Twin Bridges Town Council Votes to be Proactive
Town Council Members Make Moves on Efficiency and Flood Risk
Twin Bridges city council approved to go digital at their monthly meeting June 11. They also approved for the Montana Department of Resources and Conservation and Great West Engineering to seek out grants to fund a feasibility study that would investigate the town’s levy.
The town clerk, Kristi Millhouse, said that the thick paper packets she prints for everyone at each meeting is time consuming and wasteful. The decision to move to tablets was the evening’s most debated topic with town council members. The council is a technology- diverse group but ultimately, Mayor Tom Hyndman produced the tie breaking vote.
“We ought to try it,” Hyndman said. “I’m not much smarter than anyone else, but I guess I’ll learn.”
Jeremiah Theys from Great West Engineering and Tiffany Lynden from MDNRC spoke about proactive measures that Twin Bridges could be taking to mitigate future outcomes of the updated floodplain maps of the area. The levy that boarders the town on the east side of the Beaverhead River isn’t certified to withstand a 100-year flood. The proposed feasibility study would inspect the levy’s condition and the impact its failure would have on the community during a major flood.
Over the next few years, Federal Emergency Management Agency and MDNRC will be producing accurate flood risk data for the town. These maps provide insurance companies, banks, developers and residents with information that affect their decisions.
“When we have the chance to make these maps accurate, we want to do that,” Lynden said. “Because we want people to know their risk and for the town to know its risk.”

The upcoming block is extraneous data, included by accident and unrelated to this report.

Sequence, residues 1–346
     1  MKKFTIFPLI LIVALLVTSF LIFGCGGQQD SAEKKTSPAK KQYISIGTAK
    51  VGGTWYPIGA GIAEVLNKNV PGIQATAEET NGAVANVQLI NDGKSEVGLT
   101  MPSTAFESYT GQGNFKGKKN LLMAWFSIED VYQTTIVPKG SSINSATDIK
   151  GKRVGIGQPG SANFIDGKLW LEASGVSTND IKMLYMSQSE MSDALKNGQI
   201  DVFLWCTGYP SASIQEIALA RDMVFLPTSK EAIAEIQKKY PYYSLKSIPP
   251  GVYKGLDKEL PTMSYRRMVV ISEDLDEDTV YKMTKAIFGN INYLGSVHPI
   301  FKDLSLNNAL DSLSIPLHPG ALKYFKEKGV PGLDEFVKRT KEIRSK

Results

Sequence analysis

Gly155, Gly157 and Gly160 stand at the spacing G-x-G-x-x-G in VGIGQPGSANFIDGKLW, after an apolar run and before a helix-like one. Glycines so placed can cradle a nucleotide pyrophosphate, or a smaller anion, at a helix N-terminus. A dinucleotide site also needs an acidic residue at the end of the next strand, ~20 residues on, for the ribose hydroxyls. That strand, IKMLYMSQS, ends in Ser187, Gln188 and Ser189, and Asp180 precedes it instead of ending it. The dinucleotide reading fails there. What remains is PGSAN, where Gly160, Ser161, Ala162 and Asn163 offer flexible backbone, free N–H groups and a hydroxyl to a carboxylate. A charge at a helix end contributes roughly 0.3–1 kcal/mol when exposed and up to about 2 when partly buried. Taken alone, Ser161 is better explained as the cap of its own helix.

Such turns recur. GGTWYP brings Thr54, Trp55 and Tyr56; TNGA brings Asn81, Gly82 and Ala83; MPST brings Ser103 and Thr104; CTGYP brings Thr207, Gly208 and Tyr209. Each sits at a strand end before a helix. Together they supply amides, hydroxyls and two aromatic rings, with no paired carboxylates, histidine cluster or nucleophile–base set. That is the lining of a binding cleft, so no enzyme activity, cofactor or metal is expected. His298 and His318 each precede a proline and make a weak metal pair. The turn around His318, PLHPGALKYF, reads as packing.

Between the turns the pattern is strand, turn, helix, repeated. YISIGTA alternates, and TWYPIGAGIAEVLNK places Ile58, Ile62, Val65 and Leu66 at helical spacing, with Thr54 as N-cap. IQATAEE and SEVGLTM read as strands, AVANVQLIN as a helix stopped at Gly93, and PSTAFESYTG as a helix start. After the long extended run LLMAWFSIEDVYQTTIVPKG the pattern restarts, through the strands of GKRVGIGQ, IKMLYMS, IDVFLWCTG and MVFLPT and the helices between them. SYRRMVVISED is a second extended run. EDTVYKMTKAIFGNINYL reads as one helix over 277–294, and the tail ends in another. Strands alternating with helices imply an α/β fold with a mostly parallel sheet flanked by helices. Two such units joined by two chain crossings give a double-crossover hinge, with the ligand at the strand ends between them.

A private contractor based the levy’s construction on a study from the Army Core of Engineers in 1930s, but it was never certified and has had little maintenance over the years.
The updated floodplain maps will incorporate the levy’s accredited status. If not accredited, most of the community will be considered in the range of the flood plain. Besides flood waters potentially threatening residents’ safety, insurance rates would substantially raise and banks would be reluctant to provide housing loans for the area.
The town council unanimously approved to begin searching for outside funding opportunities to address the levy before the maps are produced to avoid these potential consequences. Theys was confident that Twin Bridges qualified for multiple state and federal grants for the project.
Also in Twin Bridges’ future, is a 2019 audit for exceeding its state required revenue limit by about $145,000. Twin Bridges had several expensive projects, like the $250,000 grant it received for the Fair Grounds’ water line, which pushed their total revenue over the $750,000 limit. And, the town council will hold a special meeting with AT&T on June 27. AT&T selected an area next to the Ice House on E. 9th Ave to install a 144-foot cell tower. Town council members will discuss different locations outside of town during the special meeting, among other clarifying details.